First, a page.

Moffitt also pointed out, “In Sarasota, for the last three years, any resident who speaks or questions something a developer desires is dismissed often … in ways meant to insult, demean or polarize along racial, gender or age-based lines. That, plus the visible and tangible impacts of breakneck growth and poor planning, are why CityPAC was formed …

“Clearly,” Moffitt continued, “some folks were uncomfortable with the daylight [CityPAC’s publications have] brought to the dynamics of decision making at City Hall and chose to perpetuate a vicious and divisive hoax that harmed everyone who witnessed it, as well as our social fabric.”

Reasserting that Franklin was not associated with the ‘Hoax Post’

Attorney Harrison reprised another portion of Franklin’s original complaint in the amended one, stressing that the “Hoax Post” Battie presented on Jan. 16 “has never existed. It is a fabrication.”

Further, he included in the new complaint the argument he made in the original, under the heading, “Factual Background – Battie’s Intentional and Well-Orchestrated Attack.”

Harrison begins that section as follows: “Battie’s vicious personal attack on Franklin was not a spontaneous, heat of the moment response to what Battie genuinely perceived to be a racist post.

“To the contrary,” Harrison continues, “this was an event that Battie plotted, planned, and coordinated for almost a month before delivering his scripted performance on January 16, 2024.”

Using texts received through a public records request, Harrison points out that Battie “received the Hoax Post from Borysiewicz [of the Corona Cigar Co.] on December 19, 2023.” Later that day, Harrison continues, “Borysiewicz messaged Battie,” asking him to call her. “Later the same day, at 9:38 p.m., Borysiewicz texted Battie numerous other images pulled from Franklin’s personal Facebook™ page,” which Harrison provides in the complaint.

Attorney Richard Harrison provides these texts in the amended complaint.

Among them, he notes, is “Franklin’s original gorilla collage with Franklin’s original text …”

Then Harrison writes, “To be clear: by the end of the day on December 19, 2023, Battie had in his possession both the Hoax Post and Franklin’s original, actual, completely innocuous post with the identical text as was used in the Hoax Post.

“On December 20, 2023, for reasons that are unknown to Franklin as of the date this Complaint is filed, Battie transferred certain photographs, including Franklin’s original gorilla photo gallery, from one of his phone numbers to another phone owned and controlled by him.

“On January 2, 2024,” Harrison adds, “the Commission held a regularly scheduled meeting. Battie made no mention of the Hoax Post or of anything related to it.

“On or about January 10, 2024,” Harrison points out, “Battie requested that two items be added to the agenda for the regularly scheduled January 16 Commission meeting.

“The first,” he notes, “was a new business item relating to ‘Comprehensive Review of City of Sarasota Zoning Code.’

“The second was a new business item relating to ‘Civility, Respect and Rhetoric,’ ” Harrison adds, providing a copy of the memo that City Auditor and Clerk Griggs sent to the commissioners on Jan. 10, “documenting Battie’s requested agenda changes …”

“Contrary to custom and standard operating procedure of the Commission, Battie did not furnish any supporting documents or other backup materials to the City Clerk to be included with the meeting agenda package for distribution to the City Commissioners with respect to either of these requested new agenda items,” Harrison points out.

“On January 15, 2024,” Harrison writes, “Borysiewicz, who lives in Orlando, texted Battie that ‘I will be flying into Sarasota around 5:30. Do you want to get together to go over this situation?’ She added, ‘I don’t want to turn up blind.’ ”

Then Harrison includes a copy of another text that Battie sent Borysiewicz at 6:21 p.m. on Jan. 15. That said, “At Corona now.”

This is another text received through a public records request involving Commissioner Kyle Battie and Tanya Borysiewicz.

Continuing to contend Battie’s actions were outside scope of official duties

In his June 12 ruling for Battie in the Franklin case, Circuit Judge Stephen Walker concurred with arguments that Battie’s attorney, Brian Goodrich of the Bentley Goodrich Kison firm in Sarasota, had made in a Motion to Dismiss the complaint.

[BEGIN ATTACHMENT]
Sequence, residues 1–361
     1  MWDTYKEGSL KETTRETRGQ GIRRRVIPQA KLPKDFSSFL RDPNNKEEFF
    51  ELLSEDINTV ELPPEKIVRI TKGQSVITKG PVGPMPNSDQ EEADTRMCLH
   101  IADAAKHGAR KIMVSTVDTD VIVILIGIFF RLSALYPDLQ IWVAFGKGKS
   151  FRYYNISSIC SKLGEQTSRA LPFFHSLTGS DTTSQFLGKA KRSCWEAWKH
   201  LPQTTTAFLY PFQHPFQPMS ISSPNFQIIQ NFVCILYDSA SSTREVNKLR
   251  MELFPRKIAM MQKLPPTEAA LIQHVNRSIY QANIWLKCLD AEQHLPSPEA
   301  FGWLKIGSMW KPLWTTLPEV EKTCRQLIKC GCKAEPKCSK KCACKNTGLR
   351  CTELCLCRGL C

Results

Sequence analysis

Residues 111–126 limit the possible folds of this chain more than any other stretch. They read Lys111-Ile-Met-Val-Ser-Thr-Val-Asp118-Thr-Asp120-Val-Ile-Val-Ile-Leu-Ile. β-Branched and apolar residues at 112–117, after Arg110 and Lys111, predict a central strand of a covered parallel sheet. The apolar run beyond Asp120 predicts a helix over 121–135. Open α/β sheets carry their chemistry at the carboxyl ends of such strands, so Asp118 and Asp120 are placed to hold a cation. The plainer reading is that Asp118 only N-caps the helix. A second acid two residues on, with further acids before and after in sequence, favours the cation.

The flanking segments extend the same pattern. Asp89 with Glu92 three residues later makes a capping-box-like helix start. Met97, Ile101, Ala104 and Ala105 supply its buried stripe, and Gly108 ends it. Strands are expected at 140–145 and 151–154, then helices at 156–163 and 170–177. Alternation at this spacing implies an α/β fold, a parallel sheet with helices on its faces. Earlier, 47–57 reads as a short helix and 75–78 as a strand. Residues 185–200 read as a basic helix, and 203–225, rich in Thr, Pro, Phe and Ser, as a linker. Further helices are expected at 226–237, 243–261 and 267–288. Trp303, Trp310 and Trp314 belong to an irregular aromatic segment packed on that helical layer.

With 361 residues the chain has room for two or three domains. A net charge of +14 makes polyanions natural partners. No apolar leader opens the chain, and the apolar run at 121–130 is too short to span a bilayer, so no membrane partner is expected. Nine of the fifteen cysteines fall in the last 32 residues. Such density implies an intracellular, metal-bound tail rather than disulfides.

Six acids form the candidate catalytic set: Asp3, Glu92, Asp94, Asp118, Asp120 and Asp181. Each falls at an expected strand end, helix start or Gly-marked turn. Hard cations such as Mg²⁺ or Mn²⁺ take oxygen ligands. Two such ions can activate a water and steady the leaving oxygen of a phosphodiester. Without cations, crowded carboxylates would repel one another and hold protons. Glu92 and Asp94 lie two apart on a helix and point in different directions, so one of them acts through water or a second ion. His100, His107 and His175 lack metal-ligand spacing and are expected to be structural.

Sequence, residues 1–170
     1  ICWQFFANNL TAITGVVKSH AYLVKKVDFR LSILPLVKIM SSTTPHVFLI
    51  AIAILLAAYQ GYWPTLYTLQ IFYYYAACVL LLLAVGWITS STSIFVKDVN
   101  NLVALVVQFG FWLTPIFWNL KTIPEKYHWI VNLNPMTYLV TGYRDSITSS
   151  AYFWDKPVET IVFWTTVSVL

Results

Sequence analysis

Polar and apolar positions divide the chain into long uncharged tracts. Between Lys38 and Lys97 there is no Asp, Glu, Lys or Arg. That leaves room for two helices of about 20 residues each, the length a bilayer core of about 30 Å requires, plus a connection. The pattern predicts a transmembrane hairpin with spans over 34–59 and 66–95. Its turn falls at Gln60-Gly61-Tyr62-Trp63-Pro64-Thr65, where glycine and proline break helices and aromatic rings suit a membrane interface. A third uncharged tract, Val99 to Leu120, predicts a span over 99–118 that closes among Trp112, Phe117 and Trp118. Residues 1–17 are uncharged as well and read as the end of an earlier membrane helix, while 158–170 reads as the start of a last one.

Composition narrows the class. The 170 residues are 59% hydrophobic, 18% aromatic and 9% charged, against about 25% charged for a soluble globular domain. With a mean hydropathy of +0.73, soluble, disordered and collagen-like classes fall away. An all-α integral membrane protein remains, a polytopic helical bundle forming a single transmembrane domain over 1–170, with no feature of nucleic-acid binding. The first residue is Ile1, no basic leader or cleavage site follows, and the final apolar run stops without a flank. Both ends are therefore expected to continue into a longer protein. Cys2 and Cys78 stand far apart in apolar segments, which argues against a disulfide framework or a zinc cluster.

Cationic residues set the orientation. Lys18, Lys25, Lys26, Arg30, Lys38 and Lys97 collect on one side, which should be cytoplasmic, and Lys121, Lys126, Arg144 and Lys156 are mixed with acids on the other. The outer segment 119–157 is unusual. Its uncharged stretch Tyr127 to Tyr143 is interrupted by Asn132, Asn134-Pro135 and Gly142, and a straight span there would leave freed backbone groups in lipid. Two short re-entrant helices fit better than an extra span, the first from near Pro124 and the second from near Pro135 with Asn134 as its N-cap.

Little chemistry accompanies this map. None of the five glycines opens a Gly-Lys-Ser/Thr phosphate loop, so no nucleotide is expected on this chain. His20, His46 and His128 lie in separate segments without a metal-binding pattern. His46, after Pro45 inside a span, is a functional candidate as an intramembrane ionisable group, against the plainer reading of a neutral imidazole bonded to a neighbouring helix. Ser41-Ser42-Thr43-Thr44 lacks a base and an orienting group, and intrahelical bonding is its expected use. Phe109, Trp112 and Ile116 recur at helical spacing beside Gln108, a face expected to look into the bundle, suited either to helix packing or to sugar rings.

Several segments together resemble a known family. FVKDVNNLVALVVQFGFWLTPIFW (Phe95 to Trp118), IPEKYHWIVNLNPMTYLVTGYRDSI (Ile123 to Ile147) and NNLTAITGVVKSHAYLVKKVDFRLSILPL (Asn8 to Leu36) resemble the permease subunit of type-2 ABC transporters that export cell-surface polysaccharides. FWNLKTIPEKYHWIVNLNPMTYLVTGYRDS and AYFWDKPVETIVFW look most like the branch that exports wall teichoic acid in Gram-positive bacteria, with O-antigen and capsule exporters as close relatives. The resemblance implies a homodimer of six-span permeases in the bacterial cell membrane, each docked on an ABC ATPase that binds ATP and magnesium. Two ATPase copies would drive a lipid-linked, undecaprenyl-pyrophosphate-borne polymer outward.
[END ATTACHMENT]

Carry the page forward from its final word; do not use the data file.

Walker wrote, “As far as public officials are concerned, [i]t seems to be well settled in this State that words spoken or written by public servants in judicial and legislative activities are protected by absolute privilege from liability for defamation. However false or malicious or badly motivated the accusation may be, no action will lie therefore in this State. Nor is it questioned that such absolute immunity in this State extends to county and municipal officials in legislative or quasi-legislative activities as well as to members of the State Legislature and activities connected with State legislation [emphasis added].”

Walker pointed out that Franklin’s attorney, Harrison, had contended that the Grady decision was not the controlling factor in Franklin’s case because, “Battie was acting beyond the scope of his employment or function as a City Commissioner …”

However, Walker continued, “The facts in Grady are important to illustrate the court’s [ruling].” The appellant in that case, Walker noted, was John L. Grady, “the developer of Suncoast Estates, a residential development in Lee County. Appellee, Wade Scaffe, served as a member of the Lee County Board of County Commissioners. The issue before the Commission was an application by a Suncoast Estates homeowner for a permit allowing her to move a mobile home onto her lot. After the Commission concluded the vote on that permit request. and wholly unrelated to that matter, Commissioner Scaffe made derogatory and defamatory statements about Mr. Grady,” Walker explained.

“Grady asserted that Commissioner Scaffe’s remarks were not germane to any matter then being discussed by the County Commission; that any discussion concerning Suncoast Estates had terminated and the Commission had moved on to other business,” Walker pointed out. “Mr. Grady’s position aligns with the argument [Franklin] now asserts in her Complaint and the Response [filed by attorney Goodrich on Battie’s behalf].”

Nonetheless, Harrison includes another section in the amended complaint that appeared in the original: “At all times material to this action, Battie was acting beyond the scope of his employment or function as a City Commissioner, in bad faith and with malicious purpose and in a manner exhibiting wanton and willful disregard of Franklin’s rights.”

Harrison adds, “Neither the City Commission nor Battie has any lawful or legitimate governmental or legislative function that involves monitoring, policing, regulating, analyzing, calling out, or legislating over the private speech of citizens — even speech that is hurtful or offensive, or that would full under what is colloquially referred to as ‘hate speech.’ Such speech is fully and robustly protected under the First Amendment.

“Thus,” Harrison contends, “the Hoax Post, taken at face value as presented by Battie, was outside the scope of any lawful scope or function of either the City Commission or Battie, as an individual city commissioner.

“As such,” he writes, “Battie is personally liable … for his actions.”

Leave a Comment